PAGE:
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Torran, Caol Chaoruinn

Tower House (Medieval)

Site Name Torran, Caol Chaoruinn

Classification Tower House (Medieval)

Canmore ID 22795

Site Number NM80SE 36

NGR NM 8783 0449

Datum OSGB36 - NGR

Permalink http://canmore.org.uk/site/22795

Ordnance Survey licence number 100057073. All rights reserved.
Canmore Disclaimer. © Copyright and database right 2021.

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Administrative Areas

  • Council Argyll And Bute
  • Parish Kilmartin
  • Former Region Strathclyde
  • Former District Argyll And Bute
  • Former County Argyll

Archaeology Notes

NM80SE 36 8783 0449.

NM 877 045. ? Castle, Caol Chaorunn. On a headland at the N side of the entrance to An Lodan (lagoon), a mound planted with large trees at the edges was found to be a rectangle, 60' by 50', with two internal divisions and possibly the footings of a small round tower over- looking the loch. A large oval enclosure is traceable at the NE of the rectangle.

The ground plan suggests a castle (? motte and bailey), which would control landings and access to the Ford/Carnasserie and Ford/Salachry/Kintraw passes. It might be connected with the Lordship of Glassary, erected under charter from Alexander II, 1240.

M Campbell and M Sandeman 1964.

NM 8784 0448. Occupying a heavily overgrown knoll are the remains of a building 14.5m square externally and consisting of a wall of roughly coursed mortared masonry 1.7m thick in the SW.

At this point the outer face stands 1.6m high but elsewhere only intermittent stretches of outer face are visible. There are no internal divisions.

This is not a motte and bailey but may be the remains of a fortified house or tower.

The ruinous walled enclosure to the NE does not appear to be associated with the building and is probably of later date.

Surveyed at 1/2500.

Visited by OS (J P) 27 October 1971.

Activities

Field Visit (September 1984)

The slight remains of a probable fortified dwelling of late medieval date are situated on the N shore of the narrows of Caol Chaorann, where the SW extremity of Loch Awe is contracted to form the sheltered bay known as An Lodan. The site occupies the summit of a rock-outcrop some 13mabove the level of the loch. Much of the ground to the N and W has formerly been cultivated, and parts of the site are overlain by field-clearance material.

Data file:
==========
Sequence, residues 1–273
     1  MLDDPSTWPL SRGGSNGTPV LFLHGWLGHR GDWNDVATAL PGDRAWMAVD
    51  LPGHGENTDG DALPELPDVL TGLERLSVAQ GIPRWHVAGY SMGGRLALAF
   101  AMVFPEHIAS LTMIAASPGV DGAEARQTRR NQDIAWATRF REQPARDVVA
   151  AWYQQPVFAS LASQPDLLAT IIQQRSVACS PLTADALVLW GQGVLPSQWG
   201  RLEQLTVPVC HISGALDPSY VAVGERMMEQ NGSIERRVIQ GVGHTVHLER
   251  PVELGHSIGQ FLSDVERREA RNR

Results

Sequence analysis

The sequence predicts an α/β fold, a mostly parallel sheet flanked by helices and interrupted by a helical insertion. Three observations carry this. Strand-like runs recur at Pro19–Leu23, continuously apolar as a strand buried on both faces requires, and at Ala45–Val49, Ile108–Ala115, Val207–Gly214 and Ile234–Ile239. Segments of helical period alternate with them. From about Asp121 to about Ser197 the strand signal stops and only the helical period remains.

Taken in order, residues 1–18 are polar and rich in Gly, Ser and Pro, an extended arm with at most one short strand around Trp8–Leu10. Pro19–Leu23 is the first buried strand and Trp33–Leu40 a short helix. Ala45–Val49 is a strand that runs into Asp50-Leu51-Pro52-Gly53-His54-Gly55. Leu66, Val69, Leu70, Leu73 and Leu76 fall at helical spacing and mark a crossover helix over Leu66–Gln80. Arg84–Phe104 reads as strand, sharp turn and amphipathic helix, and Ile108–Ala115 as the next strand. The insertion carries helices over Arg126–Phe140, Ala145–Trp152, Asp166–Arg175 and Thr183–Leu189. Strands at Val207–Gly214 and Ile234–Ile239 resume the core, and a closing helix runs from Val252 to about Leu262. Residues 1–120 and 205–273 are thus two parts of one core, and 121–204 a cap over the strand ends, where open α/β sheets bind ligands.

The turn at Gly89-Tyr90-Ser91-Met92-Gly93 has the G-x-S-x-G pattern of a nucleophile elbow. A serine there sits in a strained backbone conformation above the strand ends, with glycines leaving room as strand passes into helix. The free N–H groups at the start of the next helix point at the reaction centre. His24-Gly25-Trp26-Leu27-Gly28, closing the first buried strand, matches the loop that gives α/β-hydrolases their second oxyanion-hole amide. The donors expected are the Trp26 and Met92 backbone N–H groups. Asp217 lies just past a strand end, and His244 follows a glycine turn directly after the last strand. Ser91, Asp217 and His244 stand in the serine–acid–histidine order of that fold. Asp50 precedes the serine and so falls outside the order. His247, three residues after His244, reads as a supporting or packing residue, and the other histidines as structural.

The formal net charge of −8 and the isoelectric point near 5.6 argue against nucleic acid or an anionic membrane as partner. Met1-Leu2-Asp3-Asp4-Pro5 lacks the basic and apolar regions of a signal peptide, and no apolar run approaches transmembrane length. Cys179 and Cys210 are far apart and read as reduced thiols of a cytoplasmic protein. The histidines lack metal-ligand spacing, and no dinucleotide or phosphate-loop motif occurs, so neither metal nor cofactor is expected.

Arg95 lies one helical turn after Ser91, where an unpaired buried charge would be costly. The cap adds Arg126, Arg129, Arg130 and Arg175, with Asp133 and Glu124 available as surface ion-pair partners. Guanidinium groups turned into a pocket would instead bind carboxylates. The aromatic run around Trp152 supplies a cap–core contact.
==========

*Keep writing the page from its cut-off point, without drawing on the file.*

The summit of the outcrop measures about 20m by 16m, and its SW half has been occupied by a substantial rectangular building measuring about 14.5m from NE to SW by 7m transversely over all. The best-preserved length of masonry runs for 10m along the SW edge of the outcrop, terminating at the SE in what appears to have been a tower, perhaps a garderobe, 3m in projection and 4.5m in width. The SE wall of this tower is 0.75m thick, but the walls of the main building, although their inner faces are obscured, appear to have been considerably more massive. Some lime mortar is visible in the masonry at the re-entrant angle of the tower, which survives to a height of several courses, and there are also some remains of external harling in the same area.

The SE edge of the outcrop is obscured by several massive trees, and to the NW only intermittent footings are visible, but the walling appears to have enclosed a courtyard reached by a track from the NE. A short length of wall-face indicates a possible subdivision within this enclosure, but the surface remains are extremely confused. The shoreward edge of a lower terrace to the SE has been artificially revetted, continuing the line of a natural rock face, but there is no evidence of an enclosing wall. The existing remains of an enclosure on this terrace, formed by drystone walling linking outcrops of rock, appear to be of agricultural origin. On the shore to the SW there is the ruin of a small boat-house, probably of 19th-century date, and some remains of a former jetty.

The siting and character of these remains are comparable with those of Ardfad Castle, Seil and Caisteal nan Con, Torsa, both in Lorn (en.1), and a 16th- or early 17th-century date may be tentatively suggested. No documentary references to the site have been identified, but it appears from Roy's Map to have been on the lands of Torran Mor, whose dwellings occupied the site of the present Torran farm. The property of 'Mekill Torrane' was granted by the Campbells of Argyll to Sir John Campbell of Calder in 1529, and sold by his grandson in 1574 to John Campbell of Inverliever, whose son Alexander Campbell of Torran held the property in 1603 (en.2).

RCAHMS 1992, visited September 1984

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